The unveiling of the Airbus A380 raises a couple of thoughts (not entirely new ones, and pointing in somewhat different directions). First, this is another example of the US loss of dominance in manufacturing. Boeing has ceded the jumbo jet market it created with the 747 to Airbus, betting everything on the proposition that airlines will want medium size planes like its forthcoming 7E7. Even if this turns out to be true (and limp early orders don’t support the idea) Airbus has an entrant in this market as well (the A350). Meanwhile, by abandoning the 717 (the old DC 9 inherited in the merger with MacDonnell Douglas), Boeing has abandoned the small jet market, the winner here being the Brazilian fimr Embraer. All of this parallels Detroit’s loss of dominance in the car market. And all this despite the big decline in the dollar-euro exchange rate. This suggests that winding down the US trade deficit is going to be a painful process.
The second point is the slowdown in progress in transport. In the 25 years from the end World War II to 1970, passenger air travel went from essentially nothing to the 747 jumbo jet launched by Boeing in 1967. Move ahead another 35 years, and we still rely on the jumbo jet. With the A380, we are looking at what will probably be the state of the art for the next few decades, and it’s … a jumbo jet, only 50 per cent bigger. Of course, there have been improvements in every part of the plane, from composite materials to more efficient engines, but it’s still, in essence, a bigger 747. The same is true, in spades, for cars. For all practical purposes, it looks as though we reached our collective speed limit 40 years ago.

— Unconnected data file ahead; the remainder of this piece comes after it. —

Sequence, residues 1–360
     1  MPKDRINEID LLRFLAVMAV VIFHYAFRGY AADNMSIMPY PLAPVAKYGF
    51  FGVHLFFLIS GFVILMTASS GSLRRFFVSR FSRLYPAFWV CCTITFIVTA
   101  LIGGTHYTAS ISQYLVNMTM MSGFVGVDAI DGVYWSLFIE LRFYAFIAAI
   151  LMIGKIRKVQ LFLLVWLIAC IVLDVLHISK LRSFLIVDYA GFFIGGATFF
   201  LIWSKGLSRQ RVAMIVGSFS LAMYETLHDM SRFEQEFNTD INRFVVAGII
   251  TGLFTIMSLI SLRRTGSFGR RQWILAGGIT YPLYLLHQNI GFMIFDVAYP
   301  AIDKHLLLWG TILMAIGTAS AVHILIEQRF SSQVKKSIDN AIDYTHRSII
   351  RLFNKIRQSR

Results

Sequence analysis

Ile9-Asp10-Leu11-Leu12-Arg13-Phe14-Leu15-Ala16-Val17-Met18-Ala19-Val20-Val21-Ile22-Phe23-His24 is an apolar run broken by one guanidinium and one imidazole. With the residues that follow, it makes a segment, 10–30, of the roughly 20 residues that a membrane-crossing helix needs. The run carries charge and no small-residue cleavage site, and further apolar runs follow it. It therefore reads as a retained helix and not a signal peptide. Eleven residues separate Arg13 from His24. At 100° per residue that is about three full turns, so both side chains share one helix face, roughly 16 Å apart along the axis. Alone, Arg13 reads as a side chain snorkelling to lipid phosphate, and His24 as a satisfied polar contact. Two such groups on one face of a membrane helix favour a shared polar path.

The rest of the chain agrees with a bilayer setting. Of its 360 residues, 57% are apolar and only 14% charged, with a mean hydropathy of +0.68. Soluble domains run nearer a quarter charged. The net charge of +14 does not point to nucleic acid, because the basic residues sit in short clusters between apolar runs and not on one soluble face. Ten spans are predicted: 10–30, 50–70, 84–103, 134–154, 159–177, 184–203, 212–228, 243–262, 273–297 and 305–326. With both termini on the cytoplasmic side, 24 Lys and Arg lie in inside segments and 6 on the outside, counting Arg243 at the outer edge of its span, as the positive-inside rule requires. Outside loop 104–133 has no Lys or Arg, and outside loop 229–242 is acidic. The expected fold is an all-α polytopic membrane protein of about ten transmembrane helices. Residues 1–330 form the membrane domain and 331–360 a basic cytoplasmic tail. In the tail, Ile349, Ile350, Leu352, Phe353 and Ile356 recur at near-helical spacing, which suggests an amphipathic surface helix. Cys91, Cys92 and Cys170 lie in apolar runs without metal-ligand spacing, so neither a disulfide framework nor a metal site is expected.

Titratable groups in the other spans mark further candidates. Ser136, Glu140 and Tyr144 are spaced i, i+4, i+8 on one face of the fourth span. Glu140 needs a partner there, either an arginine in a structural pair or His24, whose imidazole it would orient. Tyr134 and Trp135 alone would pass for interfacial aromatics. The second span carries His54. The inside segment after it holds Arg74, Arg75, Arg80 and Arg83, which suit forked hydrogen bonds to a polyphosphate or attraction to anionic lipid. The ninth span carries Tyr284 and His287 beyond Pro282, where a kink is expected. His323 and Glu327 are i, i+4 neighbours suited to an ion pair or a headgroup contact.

So, maybe it doesn’t matter that the US is losing the markets for cars and planes. With firms like Intel and Microsoft it dominates the moneymaking end of the most innovative part of the economy, and with Apple, it provides most of the creativity. On the other hand, you need a lot of iMacs to buy an A380.
fn1. In fact, we’ve slowed down in the interim, with the introduction, commercial failure and ultimate withdrawal of the Concorde.